In recent times mobile games have become almost as popular as console game titles. Each advance in mobile technology challenges developers to step up their game. What many people may not realize, though, is that developers will always need to pay their team. For some users, the apps they play may feel like nothing more than a cash grab.
How Mobile Gaming (Kinda) Works
When mobile games are free, players do not usually have the incentive to stick around. Certain enhancements come free as user levels up. Tower building games, for example, reward players when they achieve certain feats. These feats may be sped up with certain items or completely paid for with a separate currency altogether.
Any tower building game or game with similar mechanics will offer a variety of “packs” to supposedly enhance gameplay. This is where many people fee mobile gaming begins to get unfair. Many agree that such a system shouldn’t exist in the first place, but no one can really say why it does.
A great deal of mobile and console gamers alike feel that developers have gone “anti-consumer.” It’s not really a well-known term but simply put: anti-consumer games focus more on the available game items instead of players themselves.
Having special item packs isn’t a bad idea, but almost requiring them to gain exponential levels is unfair. Anyone with deep pockets is able to stomp out lower-level players, fulfilling the developer’s desire to gain all the money possible.
The Pay-2-Win Experience
Not all games on Google Play or the App Store require someone to pay for full access. But those that do usually charge once and it enhances the user’s experience. Others will require a continuous contribution to the user’s part in order to ‘get ahead’ in the game app.
Star Trek: Fleet Command, developed by Scopely, is one mobile game that does nothing to hide its pay to win model. As a Star Trek fan, I couldn’t help but download the game and play it for a good while. But I ran into a huge roadblock when I reached level 15.
No matter how sneaky I was about mining resources, a higher-level player took me out before I finished. At that point, if I didn’t “instantly” mine resources, I wouldn’t get anywhere.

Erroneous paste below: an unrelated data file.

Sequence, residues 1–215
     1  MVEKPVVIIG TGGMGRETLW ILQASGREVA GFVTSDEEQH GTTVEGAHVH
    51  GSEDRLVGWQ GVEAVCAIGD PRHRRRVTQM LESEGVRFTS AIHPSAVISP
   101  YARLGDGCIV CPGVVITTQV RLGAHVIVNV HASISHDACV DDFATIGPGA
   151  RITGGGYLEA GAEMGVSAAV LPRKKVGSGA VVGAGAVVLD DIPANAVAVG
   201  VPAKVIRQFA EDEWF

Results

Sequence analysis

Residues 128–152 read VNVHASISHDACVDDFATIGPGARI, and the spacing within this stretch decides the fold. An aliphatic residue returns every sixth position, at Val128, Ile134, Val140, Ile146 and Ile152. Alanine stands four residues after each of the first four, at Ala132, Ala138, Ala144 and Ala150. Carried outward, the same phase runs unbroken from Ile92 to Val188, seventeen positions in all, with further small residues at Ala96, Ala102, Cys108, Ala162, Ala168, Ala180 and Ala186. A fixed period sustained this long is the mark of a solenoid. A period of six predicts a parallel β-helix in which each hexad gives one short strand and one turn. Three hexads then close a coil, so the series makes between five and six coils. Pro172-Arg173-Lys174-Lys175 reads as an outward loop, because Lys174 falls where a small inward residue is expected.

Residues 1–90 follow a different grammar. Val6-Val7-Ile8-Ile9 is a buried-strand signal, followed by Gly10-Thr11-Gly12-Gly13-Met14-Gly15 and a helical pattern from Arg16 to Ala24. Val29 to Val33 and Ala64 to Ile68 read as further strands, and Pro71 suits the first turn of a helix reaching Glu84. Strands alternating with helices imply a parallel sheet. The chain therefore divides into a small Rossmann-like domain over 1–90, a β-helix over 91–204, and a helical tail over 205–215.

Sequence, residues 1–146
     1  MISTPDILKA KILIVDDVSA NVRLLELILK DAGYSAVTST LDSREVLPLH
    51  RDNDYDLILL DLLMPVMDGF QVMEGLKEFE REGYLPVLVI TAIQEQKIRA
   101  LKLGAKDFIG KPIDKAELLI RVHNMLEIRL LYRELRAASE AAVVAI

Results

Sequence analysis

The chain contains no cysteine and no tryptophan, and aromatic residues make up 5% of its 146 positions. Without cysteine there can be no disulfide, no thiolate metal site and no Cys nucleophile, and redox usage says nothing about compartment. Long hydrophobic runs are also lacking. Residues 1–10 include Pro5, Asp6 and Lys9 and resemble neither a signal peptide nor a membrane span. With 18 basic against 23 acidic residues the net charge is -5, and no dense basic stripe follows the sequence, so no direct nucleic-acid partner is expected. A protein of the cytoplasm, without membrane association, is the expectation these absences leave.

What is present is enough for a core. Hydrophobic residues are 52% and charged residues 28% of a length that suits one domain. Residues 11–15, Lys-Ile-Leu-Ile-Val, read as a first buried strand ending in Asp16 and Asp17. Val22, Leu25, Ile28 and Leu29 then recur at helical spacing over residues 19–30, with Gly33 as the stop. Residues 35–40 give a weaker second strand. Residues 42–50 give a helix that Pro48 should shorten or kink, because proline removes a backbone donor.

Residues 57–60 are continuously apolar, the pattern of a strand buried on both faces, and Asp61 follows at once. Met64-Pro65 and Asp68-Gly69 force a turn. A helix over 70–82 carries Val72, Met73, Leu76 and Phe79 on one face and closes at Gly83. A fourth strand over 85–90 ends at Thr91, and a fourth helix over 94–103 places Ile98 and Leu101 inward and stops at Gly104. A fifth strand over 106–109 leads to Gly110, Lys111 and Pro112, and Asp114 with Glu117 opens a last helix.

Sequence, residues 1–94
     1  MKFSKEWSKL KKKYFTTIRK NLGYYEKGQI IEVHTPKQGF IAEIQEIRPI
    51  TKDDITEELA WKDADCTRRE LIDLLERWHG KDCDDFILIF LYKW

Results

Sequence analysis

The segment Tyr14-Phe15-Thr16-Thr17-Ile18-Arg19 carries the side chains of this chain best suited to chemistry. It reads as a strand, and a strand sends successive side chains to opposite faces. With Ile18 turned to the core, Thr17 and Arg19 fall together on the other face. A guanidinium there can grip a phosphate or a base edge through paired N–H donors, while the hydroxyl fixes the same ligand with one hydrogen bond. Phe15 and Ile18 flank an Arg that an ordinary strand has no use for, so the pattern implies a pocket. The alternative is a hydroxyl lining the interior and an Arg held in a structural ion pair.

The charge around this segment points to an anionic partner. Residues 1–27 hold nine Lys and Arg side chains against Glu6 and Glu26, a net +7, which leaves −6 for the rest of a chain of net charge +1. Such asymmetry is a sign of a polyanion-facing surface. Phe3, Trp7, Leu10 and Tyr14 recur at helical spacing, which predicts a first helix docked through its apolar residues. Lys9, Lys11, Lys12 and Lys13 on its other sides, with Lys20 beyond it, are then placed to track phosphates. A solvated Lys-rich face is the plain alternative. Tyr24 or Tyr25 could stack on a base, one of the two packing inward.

Not all developers feel so greedy, right?
When it Works
Pay-2-win comes in two forms: 1) where you advance exponentially from purchasing special item packs and 2) Freemium, where there is an optional way to advance faster or gain an upper hand against enemies.
The game Rise of Kingdoms: Lost Crusade is an example of a freemium game. Players have the option to purchase resources and speed boosts to shorten the time it takes to grow. But it isn’t absolutely necessary to purchase these item packs. Lost Crusade is fairly balanced and does not punish players who rarely put money into the mobile title.
Free players are just as likely to achieve high levels but at a slower pace. It does not give users the same impression that Fleet Command gives.
Paying the Team
It’s not uncommon to feel that developers are greedy. There is often a high amount of focus on in-game app purchases, often in the form of “limited time offers.” Many mobile games will shove these into the player’s face long before they have a chance to run the game. It’s understandable to need the money, but not all developers choose to be subtle about gathering money.
Mobile gamers should understand, though, it takes hundreds of hours to develop a proper working gaming app. The team that develops an app can be number anywhere from one to thirty people. Each person in the team has dedicated a large amount of time to creating the app and ensuring it works.
A great deal of the money may contribute to testing the app on a variety of different devices. Developers also need test versions of the OS for those various devices. You do have a right to be upset if dev is money-hungry, but consider why they charge the amount they do.
Spending on the Right App
In the game, Just Kill Me 3, packs as low as $0.99 cents are available. They do not contain a lot of items, but even the small boost makes the game more enjoyable. Check out mobile games that offer such packages with frequency. You’ll be able to enhance gameplay slightly without spending a large amount of money.
Many gaming apps offer these packs but not all will have the same quality of items.
Keep a Lookout
No one likes to pay into a money-pit of a game. If you cannot advance past level 15 without spending at least $100, you are definitely playing something that is pay to win. And there is nothing fair about that. If one keeps an eye on the review section of Google Play or the App Store, the greedy apps make themselves known.
While the development team does need to be paid, someone with a mind for math can see the imbalance between “special price” packs and the hundred dollars “god-tier” item packs.
The better items are always contained in more expensive packs. Some gaming apps will choose a shady advertising strategy to acquire the money, shoving “sale” banners into the start-up of an app.
At its base, there is only one simple explanation for why mobile games are so greedy: things are worth what people are willing to pay. It really is the only workable business model for mobile app/game developers.
Remember that these days, many developers are open to suggestions from their player base. If you want to get pay-2-win a little more balanced for your chosen gaming app, share your criticisms with the team that created the app.
If they are not told that their micro-transactions have such a negative impact on player experience, not much will be done to change it. Protest the business model, but do so in a way that can make a positive impact for all players whenever they play a mobile game.